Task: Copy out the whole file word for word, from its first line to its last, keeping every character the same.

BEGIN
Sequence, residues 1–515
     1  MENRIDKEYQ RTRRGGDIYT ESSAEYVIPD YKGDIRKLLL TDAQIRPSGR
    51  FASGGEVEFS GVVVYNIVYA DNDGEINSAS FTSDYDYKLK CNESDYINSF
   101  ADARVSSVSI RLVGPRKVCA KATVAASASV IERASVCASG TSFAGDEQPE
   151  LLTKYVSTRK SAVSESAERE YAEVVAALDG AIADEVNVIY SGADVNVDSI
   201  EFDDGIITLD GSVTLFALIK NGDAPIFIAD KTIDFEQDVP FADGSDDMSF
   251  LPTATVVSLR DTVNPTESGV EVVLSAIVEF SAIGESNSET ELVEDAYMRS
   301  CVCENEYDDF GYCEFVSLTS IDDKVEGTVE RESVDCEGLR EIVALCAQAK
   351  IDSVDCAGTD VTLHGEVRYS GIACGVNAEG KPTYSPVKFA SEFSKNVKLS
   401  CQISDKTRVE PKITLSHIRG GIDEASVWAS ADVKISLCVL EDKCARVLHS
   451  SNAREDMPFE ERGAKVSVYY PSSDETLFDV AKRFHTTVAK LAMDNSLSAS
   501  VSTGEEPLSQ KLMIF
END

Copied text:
Sequence, residues 1–515
     1  MENRIDKEYQ RTRRGGDIYT ESSAEYVIPD YKGDIRKLLL TDAQIRPSGR
    51  FASGGEVEFS GVVVYNIVYA DNDGEINSAS FTSDYDYKLK CNESDYINSF
   101  ADARVSSVSI RLVGPRKVCA KATVAASASV IERASVCASG TSFAGDEQPE
   151  LLTKYVSTRK SAVSESAERE YAEVVAALDG AIADEVNVIY SGADVNVDSI
   201  EFDDGIITLD GSVTLFALIK NGDAPIFIAD KTIDFEQDVP FADGSDDMSF
   251  LPTATVVSLR DTVNPTESGV EVVLSAIVEF SAIGESNSET ELVEDAYMRS
   301  CVCENEYDDF GYCEFVSLTS IDDKVEGTVE RESVDCEGLR EIVALCAQAK
   351  IDSVDCAGTD VTLHGEVRYS GIACGVNAEG KPTYSPVKFA SEFSKNVKLS
   401  CQISDKTRVE PKITLSHIRG GIDEASVWAS ADVKISLCVL EDKCARVLHS
   451  SNAREDMPFE ERGAKVSVYY PSSDETLFDV AKRFHTTVAK LAMDNSLSAS
   501  VSTGEEPLSQ KLMIF